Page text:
DIN is a registered association (e.V.), founded in 1917, originally as Normenausschuss der deutschen Industrie (NADI, Standardisation Committee of German Industry). In 1926 the NADI was renamed Deutscher Normenausschuss (DNA, German Standardisation Committee) in order to indicate that standardization now covered many fields, not just industrial products. In 1975 the DNA was finally renamed DIN. Its headquarters is in Berlin. Since 1975 it has been recognized by the German government as the national standards body and represents German interests at international and European level.
The acronym DIN is often wrongly expanded as Deutsche Industrienorm (German industry standard). This is largely due to the historic origin of the DIN as NADI. The NADI indeed published their standards as DI-Norm (Deutsche Industrienorm, German industry standard). E.g. the first published standard in 1918 was 'DI-Norm 1' (about taper pins). Many people still wrongly associate DIN as an abbreviation for the old DI-Norm naming of standards.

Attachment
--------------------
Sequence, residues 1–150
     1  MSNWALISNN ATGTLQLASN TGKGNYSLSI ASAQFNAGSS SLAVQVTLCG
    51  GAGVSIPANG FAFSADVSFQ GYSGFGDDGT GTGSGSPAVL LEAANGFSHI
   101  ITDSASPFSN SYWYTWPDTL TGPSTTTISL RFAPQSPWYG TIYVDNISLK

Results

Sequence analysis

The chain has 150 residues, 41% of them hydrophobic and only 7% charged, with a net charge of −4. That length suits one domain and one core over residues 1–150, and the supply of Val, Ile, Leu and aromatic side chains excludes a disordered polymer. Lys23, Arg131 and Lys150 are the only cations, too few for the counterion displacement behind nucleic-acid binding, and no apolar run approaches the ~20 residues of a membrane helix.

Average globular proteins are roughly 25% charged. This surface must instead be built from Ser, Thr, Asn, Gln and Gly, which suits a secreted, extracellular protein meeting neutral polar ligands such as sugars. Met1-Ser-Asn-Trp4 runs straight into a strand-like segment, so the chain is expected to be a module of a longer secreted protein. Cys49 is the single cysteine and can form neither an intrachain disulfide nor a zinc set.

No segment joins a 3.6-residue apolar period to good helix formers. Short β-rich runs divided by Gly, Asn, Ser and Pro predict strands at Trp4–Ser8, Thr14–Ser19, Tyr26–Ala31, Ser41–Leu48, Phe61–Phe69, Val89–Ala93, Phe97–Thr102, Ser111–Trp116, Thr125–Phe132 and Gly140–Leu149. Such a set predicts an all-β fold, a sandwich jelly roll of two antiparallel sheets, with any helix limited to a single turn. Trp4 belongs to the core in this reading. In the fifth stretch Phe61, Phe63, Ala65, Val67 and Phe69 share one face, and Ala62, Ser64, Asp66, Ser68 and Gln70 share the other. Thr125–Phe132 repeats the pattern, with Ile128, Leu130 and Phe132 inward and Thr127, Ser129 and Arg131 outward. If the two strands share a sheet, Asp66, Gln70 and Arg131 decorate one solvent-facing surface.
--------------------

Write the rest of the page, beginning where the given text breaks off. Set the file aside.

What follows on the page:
UL
Underwriters Laboratories Inc. (UL) is an independent product safety certification organization that was established in 1894.[1] Based in Northbrook, Illinois, UL develops standards and test procedures for products, materials, components, assemblies, tools and equipment, chiefly dealing with product safety. UL also evaluates and certifies the efficiency of a company’s business processes through its management system registration programs. Additionally, UL analyzes drinking and other clean water samples through its drinking water laboratory in South Bend, Indiana and evaluates products for environmental sustainability through its subsidiary, UL Environment.
UL is one of several companies approved for such testing by the U.S. federal agency OSHA. OSHA maintains a list of approved testing laboratories, known as Nationally Recognized Testing Laboratories.